The following article was written by Rink Dickinson, President of Equal Exchange
I want to start by sharing about my personal politics.
I am a democratic socialist, an electoral aficionado, and someone who thinks a lot about U.S. and world history. My voting history is varied; at times I have voted for the Democratic Party, as well as third parties. And not that long ago I voted for a Republican for Senate in my state of Rhode Island. I have voted with and without excitement.
Eugene Debs ran for president in 1912 and got six percent of the vote nationally as a Socialist. A few years after defeat, Debs spoke out loudly against the U.S. going into World War I. He was put in prison for exercising his rights and opposing that bloody conflict. I honor Debs’ actions as an example of the America that has been, and the America that many of us are still fighting for.
As shocked as I was by the election of Trump, I find my thoughts turning to democracy, both in the U.S. and abroad. How is democracy faring? What should we learn from this democratic election result?
THE EQUAL EXCHANGE DEMOCRACY
Since its origin in 1986, Equal Exchange has been organized as a democratic organization. We formally took on a worker co-op structure in 1990. With over 100 worker-owner members, we are one of the largest experiments in the country in the area of workplace democracy. Our worker-owners elect the board, control the voting stock of the organization, and sometimes make high-level decisions. We ourselves are a network between tens of thousands of democratically organized small farmers and hundreds of thousands of not-yet organized U.S. consumers.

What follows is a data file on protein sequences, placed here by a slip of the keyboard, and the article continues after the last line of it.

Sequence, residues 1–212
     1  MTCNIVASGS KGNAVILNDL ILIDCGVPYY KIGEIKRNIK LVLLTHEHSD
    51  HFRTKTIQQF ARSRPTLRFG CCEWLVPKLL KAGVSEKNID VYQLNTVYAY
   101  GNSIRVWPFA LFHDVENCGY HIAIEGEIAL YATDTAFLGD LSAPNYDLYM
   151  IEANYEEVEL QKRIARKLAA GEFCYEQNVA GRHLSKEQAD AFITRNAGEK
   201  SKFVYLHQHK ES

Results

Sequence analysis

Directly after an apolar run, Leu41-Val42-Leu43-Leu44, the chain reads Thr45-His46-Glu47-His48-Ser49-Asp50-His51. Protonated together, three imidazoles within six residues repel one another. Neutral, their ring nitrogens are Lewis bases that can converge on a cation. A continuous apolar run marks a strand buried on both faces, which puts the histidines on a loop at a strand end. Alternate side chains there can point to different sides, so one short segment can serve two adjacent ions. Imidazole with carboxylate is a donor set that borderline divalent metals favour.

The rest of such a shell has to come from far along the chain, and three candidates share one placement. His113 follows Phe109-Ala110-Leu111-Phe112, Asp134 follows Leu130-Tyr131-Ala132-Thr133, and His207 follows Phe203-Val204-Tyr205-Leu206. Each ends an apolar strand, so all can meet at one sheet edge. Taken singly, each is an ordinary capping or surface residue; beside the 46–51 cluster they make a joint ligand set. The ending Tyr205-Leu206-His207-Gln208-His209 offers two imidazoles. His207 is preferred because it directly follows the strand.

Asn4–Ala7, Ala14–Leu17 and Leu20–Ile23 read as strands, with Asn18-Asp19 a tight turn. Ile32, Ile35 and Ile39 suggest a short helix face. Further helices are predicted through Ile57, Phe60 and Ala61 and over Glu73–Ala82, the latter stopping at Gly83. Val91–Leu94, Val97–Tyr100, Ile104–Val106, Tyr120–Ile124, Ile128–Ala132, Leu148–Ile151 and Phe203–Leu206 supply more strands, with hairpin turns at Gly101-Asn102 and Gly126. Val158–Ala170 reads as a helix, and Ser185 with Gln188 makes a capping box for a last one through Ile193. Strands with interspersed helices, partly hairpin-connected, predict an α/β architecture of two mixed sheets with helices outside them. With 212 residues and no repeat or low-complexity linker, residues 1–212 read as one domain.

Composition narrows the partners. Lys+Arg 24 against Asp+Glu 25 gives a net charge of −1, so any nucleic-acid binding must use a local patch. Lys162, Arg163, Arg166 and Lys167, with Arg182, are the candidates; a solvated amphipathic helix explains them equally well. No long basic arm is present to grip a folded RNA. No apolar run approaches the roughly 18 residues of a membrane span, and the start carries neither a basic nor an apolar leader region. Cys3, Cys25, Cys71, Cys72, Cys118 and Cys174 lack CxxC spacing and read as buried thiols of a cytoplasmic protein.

At Equal Exchange, democracy is not under external threat. We support and believe in this model: our managers, our board, our outside shareholders, our members. That’s not to say we aren’t without challenges; it’s often difficult for us to build participation, engagement, energy and direction. We are separated by occupation, language, geography, culture, race, gender, age, education and power among other things. We’re learning as we grow, and we know more about what it means to live democracy than 99.9% of the businesses out there. Thirty years in, and we know we are still young in our development as a democratic workplace. The path is challenging.
Democracy work is humbling, often not knowable, and by definition requires experimentation, failure, and trust to work on a functional level. It is very easy for fear to undermine progress, and permanently poison the well of trust and experimentation. If this is true for us on a micro level of one medium-sized organization … what about on the national level?
Some look to Europe as a more advanced, developed model of democracy. And yet, my view is that Europe is likely in worse shape than the U.S. How is political democracy actually faring in the U.K., or Spain, or Germany? The U.K. is reeling with big political and economical issues: which countries make up the U.K.? What does the U.K. want from its relations with Europe? Similar to the election of Trump with 47 percent of the popular vote, the rejection of Brexit by 52 percent of the voters will have profound impacts for a divided nation. But is any outcome likely to lead to a stronger, healthier democracy?